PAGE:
The effect of renal impairment on the pharmacokinetics of sirolimus is not known. However, there is minimal (2.2%) renal excretion of the drug or its metabolites in healthy volunteers. The loading and the maintenance doses of sirolimus need not be adjusted in patients with renal impairment [see Dosage and Administration (2.6)].
Pediatric Renal Transplant Patients
Sirolimus pharmacokinetic data were collected in concentration-controlled trials of pediatric renal transplant patients who were also receiving cyclosporine and corticosteroids. The target ranges for trough concentrations were either 10-20 ng/mL for the 21 children receiving tablets, or 5-15 ng/mL for the one child receiving oral solution. The children aged 6-11 years (n = 8) received mean ± SD doses of 1.75 ± 0.71 mg/day (0.064 ± 0.018 mg/kg, 1.65 ± 0.43 mg/m2). The children aged 12-18 years (n = 14) received mean ± SD doses of 2.79 ± 1.25 mg/day (0.053 ± 0.0150 mg/kg, 1.86 ± 0.61 mg/m2). At the time of sirolimus blood sampling for pharmacokinetic evaluation, the majority (80%) of these pediatric patients received the sirolimus dose at 16 hours after the once-daily cyclosporine dose. See Table 6 below.
Table 7 below summarizes pharmacokinetic data obtained in pediatric dialysis patients with chronically impaired renal function.
Clinical studies of sirolimus did not include a sufficient number of patients > 65 years of age to determine whether they will respond differently than younger patients. After the administration of Sirolimus Oral Solution, sirolimus trough concentration data in renal transplant patients > 65 years of age were similar to those in the adult population 18 to 65 years of age.
Sirolimus clearance in males was 12% lower than that in females; male subjects had a significantly longer t1/2 than did female subjects (72.3 hours versus 61.3 hours). Dose adjustments based on gender are not recommended.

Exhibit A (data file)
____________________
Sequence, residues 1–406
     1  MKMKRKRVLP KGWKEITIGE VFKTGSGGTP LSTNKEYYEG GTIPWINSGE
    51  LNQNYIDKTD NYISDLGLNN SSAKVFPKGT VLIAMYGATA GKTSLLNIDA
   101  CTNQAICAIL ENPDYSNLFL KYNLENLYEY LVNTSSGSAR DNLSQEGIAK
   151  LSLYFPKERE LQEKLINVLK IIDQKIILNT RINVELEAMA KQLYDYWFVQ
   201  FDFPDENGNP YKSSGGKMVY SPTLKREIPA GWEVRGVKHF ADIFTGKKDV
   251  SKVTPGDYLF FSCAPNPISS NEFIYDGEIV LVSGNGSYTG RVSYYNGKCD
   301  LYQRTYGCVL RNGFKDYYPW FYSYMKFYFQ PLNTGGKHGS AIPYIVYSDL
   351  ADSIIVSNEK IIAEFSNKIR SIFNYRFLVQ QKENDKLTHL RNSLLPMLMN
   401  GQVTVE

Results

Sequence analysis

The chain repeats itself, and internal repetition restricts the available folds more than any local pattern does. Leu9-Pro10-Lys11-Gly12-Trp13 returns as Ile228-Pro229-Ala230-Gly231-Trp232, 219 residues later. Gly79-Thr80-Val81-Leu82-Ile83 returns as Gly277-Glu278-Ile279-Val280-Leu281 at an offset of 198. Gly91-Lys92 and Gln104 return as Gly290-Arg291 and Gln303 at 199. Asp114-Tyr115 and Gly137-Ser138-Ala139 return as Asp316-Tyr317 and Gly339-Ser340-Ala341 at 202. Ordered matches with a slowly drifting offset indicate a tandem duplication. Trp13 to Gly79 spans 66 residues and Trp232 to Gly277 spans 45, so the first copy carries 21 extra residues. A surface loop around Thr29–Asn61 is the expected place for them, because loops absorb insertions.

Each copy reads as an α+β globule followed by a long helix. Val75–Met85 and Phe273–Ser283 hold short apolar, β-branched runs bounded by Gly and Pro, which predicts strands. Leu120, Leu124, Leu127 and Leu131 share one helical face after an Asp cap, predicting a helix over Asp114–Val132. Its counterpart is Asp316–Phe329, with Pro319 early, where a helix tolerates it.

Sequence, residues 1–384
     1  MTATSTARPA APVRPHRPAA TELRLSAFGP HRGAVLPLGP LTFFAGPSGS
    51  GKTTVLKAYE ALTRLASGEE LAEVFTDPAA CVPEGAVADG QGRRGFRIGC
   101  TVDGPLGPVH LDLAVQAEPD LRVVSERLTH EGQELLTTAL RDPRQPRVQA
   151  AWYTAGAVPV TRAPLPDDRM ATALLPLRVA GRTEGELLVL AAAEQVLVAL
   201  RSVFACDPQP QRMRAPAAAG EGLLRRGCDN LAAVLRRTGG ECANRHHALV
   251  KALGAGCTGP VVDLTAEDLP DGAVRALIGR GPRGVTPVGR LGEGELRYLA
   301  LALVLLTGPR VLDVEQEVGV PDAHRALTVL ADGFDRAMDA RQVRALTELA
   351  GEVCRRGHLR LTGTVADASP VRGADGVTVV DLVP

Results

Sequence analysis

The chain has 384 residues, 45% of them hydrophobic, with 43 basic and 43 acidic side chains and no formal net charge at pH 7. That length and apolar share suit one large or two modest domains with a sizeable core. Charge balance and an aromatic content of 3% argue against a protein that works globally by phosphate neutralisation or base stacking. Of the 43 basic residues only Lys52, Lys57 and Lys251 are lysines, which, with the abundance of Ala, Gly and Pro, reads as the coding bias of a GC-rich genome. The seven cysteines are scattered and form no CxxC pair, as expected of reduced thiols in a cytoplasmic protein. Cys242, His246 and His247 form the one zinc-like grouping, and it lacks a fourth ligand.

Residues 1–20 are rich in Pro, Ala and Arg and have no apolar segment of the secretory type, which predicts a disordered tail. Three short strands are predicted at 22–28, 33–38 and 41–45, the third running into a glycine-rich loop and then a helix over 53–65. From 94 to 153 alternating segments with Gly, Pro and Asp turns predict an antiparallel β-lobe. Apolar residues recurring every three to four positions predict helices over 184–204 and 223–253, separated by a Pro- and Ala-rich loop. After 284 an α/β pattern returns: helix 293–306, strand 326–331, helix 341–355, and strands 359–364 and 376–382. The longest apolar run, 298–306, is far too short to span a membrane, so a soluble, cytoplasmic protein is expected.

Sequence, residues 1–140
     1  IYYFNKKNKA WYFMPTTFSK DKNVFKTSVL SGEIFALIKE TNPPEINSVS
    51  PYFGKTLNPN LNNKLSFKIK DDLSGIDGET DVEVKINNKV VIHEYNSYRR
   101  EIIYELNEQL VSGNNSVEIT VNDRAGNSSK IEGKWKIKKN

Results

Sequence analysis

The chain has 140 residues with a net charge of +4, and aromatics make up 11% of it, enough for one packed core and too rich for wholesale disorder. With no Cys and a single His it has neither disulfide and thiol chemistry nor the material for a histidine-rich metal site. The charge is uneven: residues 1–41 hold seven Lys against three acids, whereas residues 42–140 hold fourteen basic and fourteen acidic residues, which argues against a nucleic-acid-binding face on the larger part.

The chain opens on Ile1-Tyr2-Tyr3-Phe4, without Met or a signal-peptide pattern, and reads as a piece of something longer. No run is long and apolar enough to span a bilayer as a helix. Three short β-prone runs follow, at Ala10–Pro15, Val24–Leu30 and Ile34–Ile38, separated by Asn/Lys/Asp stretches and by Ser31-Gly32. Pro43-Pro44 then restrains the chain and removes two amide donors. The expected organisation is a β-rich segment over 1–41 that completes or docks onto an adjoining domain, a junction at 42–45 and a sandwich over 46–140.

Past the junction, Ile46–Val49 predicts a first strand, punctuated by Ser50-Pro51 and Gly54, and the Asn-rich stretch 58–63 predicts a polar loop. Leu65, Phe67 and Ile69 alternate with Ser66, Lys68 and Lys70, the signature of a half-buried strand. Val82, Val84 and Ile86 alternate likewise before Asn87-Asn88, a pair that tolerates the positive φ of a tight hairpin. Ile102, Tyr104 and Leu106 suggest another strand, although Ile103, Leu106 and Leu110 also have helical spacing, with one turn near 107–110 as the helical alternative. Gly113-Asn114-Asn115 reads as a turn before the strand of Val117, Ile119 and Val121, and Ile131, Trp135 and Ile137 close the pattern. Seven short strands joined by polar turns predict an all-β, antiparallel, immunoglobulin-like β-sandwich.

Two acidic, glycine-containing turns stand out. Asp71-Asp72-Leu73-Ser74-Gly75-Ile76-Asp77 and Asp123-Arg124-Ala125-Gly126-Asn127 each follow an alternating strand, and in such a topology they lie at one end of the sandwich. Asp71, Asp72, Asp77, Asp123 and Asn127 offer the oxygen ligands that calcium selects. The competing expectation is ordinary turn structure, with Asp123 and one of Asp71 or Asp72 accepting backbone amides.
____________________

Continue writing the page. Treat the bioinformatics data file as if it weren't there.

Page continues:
In the phase 3 trials for the prophylaxis of organ rejection following renal transplantation using sirolimus solution or tablets and cyclosporine oral solution [MODIFIED] (e.g., Neoral® Oral Solution) and/or cyclosporine capsules [MODIFIED] (e.g., Neoral® Soft Gelatin Capsules) [see Clinical Studies (14)], there were no significant differences in mean trough sirolimus concentrations over time between Black (n = 190) and non-Black (n = 852) patients during the first 6 months after transplantation.
Sirolimus is known to be a substrate for both cytochrome CYP3A4 and P-gp. The pharmacokinetic interaction between sirolimus and concomitantly administered drugs is discussed below. Drug interaction studies have not been conducted with drugs other than those described below.
Cyclosporine: Cyclosporine is a substrate and inhibitor of CYP3A4 and P-gp. Sirolimus should be taken 4 hours after administration of cyclosporine oral solution (MODIFIED) and/or cyclosporine capsules (MODIFIED). Sirolimus concentrations may decrease when cyclosporine is discontinued, unless the sirolimus dose is increased [see Dosage and Administration (2.2), Drug Interactions (7.1)].
In a single-dose drug-drug interaction study, 24 healthy volunteers were administered 10 mg sirolimus tablets either simultaneously or 4 hours after a 300-mg dose of Neoral® Soft Gelatin Capsules (cyclosporine capsules [MODIFIED]). For simultaneous administration, mean Cmax and AUC were increased by 512% and 148%, respectively, relative to administration of sirolimus alone. However, when given 4 hours after cyclosporine administration, sirolimus Cmax and AUC were both increased by only 33% compared with administration of sirolimus alone.